TEST 2: Circuits Shorted To Each Other

So far you have checked and confirmed that all 3 of the throttle position sensor (TPS) wires have continuity between them and the PCM (TEST 1).

The next troubleshooting step is to make sure that the TPS wires are not shorted to each other somewhere in the engine's wiring harness.

The cool thing is that we don't have to tear apart the wiring harness to physically check to see if the wires are shorted together or not.

How can we check to see if the wires are shorted to each other? By doing several continuity test between the wires (since there should not be any continuity between them) with you multimeter in Ohms mode.

These are the test steps:

  1. 1

    Disconnect the battery from its negative cable. This will ensure that no circuit is ‘live’ with power before proceeding to the next step.

  2. 2

    Make sure the PCM is disconnected from its 2 connectors before proceeding to step 3.

  3. 3

    Check the continuity of throttle position sensor (TPS) connector terminals B and A with your multimeter in Ohms (). See image 1 of 3.

    Your multimeter should register OL (Open Loop) and NOT register continuity.

  4. 4

    Check the continuity of throttle position sensor (TPS) connector terminals B and C with your multimeter in Ohms (). See image 2 of 3.

    Your multimeter should register OL (Open Loop) and NOT register continuity.

  5. 5

    Check the continuity of throttle position sensor (TPS) connector terminals C and A with your multimeter in Ohms (). See image 3 of 3.

    Your multimeter should register OL (Open Loop) and NOT register continuity.

Let's take a look at what your test results mean:

CASE 1: None of the throttle position sensor (TPS) wires were shorted together. This is the correct and expected test result. Your next step is to make sure none of the throttle position sensor (TPS) wires are shorted to ground. For this test, go to: TEST 3: Checking For Shorts To Ground.

CASE 2: One or more of the throttle position sensor (TPS) wires were shorted together. Make sure that the PCM is disconnected from its two connectors.

If the PCM is unplugged from its two connectors... then this test result tells you that you have a problem in the wiring since the multimeter should have NOT registered continuity.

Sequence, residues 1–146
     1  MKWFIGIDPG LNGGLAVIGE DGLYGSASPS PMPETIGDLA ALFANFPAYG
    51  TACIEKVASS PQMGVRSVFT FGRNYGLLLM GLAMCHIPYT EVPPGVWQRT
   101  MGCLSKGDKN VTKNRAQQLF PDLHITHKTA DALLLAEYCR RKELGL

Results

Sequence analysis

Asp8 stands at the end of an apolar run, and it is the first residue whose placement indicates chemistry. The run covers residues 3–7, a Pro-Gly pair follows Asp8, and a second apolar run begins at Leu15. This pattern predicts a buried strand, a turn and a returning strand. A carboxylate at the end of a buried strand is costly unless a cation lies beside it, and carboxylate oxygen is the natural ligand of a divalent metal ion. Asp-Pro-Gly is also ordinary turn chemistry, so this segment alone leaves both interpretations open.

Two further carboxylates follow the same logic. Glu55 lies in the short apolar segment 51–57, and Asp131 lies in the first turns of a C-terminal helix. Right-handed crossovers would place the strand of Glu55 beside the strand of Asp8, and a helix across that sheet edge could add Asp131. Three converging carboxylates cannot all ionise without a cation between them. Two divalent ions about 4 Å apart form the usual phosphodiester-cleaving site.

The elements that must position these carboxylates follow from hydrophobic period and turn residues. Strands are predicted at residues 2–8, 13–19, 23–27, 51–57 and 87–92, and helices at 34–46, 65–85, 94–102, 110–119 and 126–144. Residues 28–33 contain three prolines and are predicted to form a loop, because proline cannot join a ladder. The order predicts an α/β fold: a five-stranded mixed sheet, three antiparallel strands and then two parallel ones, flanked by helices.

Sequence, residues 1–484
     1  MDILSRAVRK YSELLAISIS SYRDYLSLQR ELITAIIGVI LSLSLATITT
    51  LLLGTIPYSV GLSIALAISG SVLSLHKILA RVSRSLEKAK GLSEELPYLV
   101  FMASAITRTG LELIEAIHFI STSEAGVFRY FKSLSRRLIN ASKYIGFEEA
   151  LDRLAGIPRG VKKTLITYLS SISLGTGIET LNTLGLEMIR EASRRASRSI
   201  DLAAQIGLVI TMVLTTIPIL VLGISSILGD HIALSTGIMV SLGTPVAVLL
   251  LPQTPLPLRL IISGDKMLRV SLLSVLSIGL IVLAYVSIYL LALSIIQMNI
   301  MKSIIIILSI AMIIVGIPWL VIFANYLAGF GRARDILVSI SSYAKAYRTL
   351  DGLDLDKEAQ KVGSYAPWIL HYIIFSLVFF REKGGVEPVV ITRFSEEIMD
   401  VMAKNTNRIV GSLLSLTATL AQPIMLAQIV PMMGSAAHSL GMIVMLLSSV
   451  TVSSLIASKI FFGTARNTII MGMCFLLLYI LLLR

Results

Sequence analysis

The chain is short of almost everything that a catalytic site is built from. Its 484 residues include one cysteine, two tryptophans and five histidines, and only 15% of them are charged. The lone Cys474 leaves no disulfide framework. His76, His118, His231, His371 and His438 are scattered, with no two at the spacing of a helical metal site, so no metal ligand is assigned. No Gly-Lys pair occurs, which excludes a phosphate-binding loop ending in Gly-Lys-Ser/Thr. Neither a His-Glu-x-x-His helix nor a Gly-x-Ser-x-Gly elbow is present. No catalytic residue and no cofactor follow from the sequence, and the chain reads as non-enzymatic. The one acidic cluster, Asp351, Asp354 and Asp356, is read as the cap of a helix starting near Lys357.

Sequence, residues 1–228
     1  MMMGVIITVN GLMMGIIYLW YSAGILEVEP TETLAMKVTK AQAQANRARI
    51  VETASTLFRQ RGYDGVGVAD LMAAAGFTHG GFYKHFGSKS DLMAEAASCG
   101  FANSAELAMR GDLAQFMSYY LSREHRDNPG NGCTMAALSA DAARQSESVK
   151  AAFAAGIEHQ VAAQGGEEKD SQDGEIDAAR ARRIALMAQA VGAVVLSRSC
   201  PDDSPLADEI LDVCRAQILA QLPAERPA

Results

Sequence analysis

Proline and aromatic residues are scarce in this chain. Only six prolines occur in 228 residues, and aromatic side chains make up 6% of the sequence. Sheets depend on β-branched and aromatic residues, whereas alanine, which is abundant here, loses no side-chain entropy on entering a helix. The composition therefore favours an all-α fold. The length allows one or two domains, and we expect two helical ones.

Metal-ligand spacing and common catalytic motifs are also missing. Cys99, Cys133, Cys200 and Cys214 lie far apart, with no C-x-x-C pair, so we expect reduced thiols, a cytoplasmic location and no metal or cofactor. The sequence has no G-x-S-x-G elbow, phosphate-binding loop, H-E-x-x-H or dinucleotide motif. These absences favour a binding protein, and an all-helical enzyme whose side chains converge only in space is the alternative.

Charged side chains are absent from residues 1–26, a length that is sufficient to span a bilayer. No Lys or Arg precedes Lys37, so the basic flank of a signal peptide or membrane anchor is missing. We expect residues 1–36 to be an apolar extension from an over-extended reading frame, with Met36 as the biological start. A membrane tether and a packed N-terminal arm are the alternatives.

Repairing the shorted throttle position sensor (TPS) wires will solve the throttle position sensor (TPS) problem and trouble codes.

TEST 3: Checking For Shorts To Ground

In this test step, we're gonna' make sure that none of the 3 throttle position sensor (TPS) wires are shorted to ground.

This test can also be accomplished with a few simple multimeter continuity tests between the specific TPS wire, you're testing, and chassis ground.

NOTE: The chassis ground point you choose needs to be a clean rust and paint free spot on the engine or intake manifold.

These are the test steps:

  1. 1

    The PCM, the battery negative terminal, and the automatic transmission must remain disconnected to accomplish the next test steps.

  2. 3

    Check the continuity of throttle position sensor (TPS) connector terminals A and ground with your multimeter in Ohms () mode. See image 1 of 3.

    Your multimeter should register OL (Open Loop) and NOT register continuity.

  3. 4

    Check the continuity of throttle position sensor (TPS) connector terminals B and ground with your multimeter in Ohms (). See image 1 of 3.

    Your multimeter should register OL (Open Loop) and NOT register continuity.

  4. 5

    Check the continuity of throttle position sensor (TPS) connector terminals C and ground with your multimeter in Ohms (). See image 3 of 3.

    Your multimeter should register OL (Open Loop) and NOT register continuity.

Let's take a look at what your test results mean:


CASE 1: None of the throttle position sensor (TPS) wires are shorted to ground. This is the correct and expected test result and it's looking like you just might have a bad PCM on your hands.

There's still one more set of tests you should do... and it's to make sure that the PCM has power and ground. For these tests, go to: TEST 4: PCM Power And Ground Tests.

CASE 2: One or more of the throttle position sensor (TPS) wires were shorted to ground. Make sure that the PCM and the automatic transmission are disconnected from their connectors.

If the PCM and automatic transmission (4L60-E) are unplugged from their connectors... then this test result tells you that you have a problem in the wiring since the multimeter should have NOT registered continuity.

Repairing the shorted throttle position sensor (TPS) wires will solve the throttle position sensor (TPS) problem and trouble codes.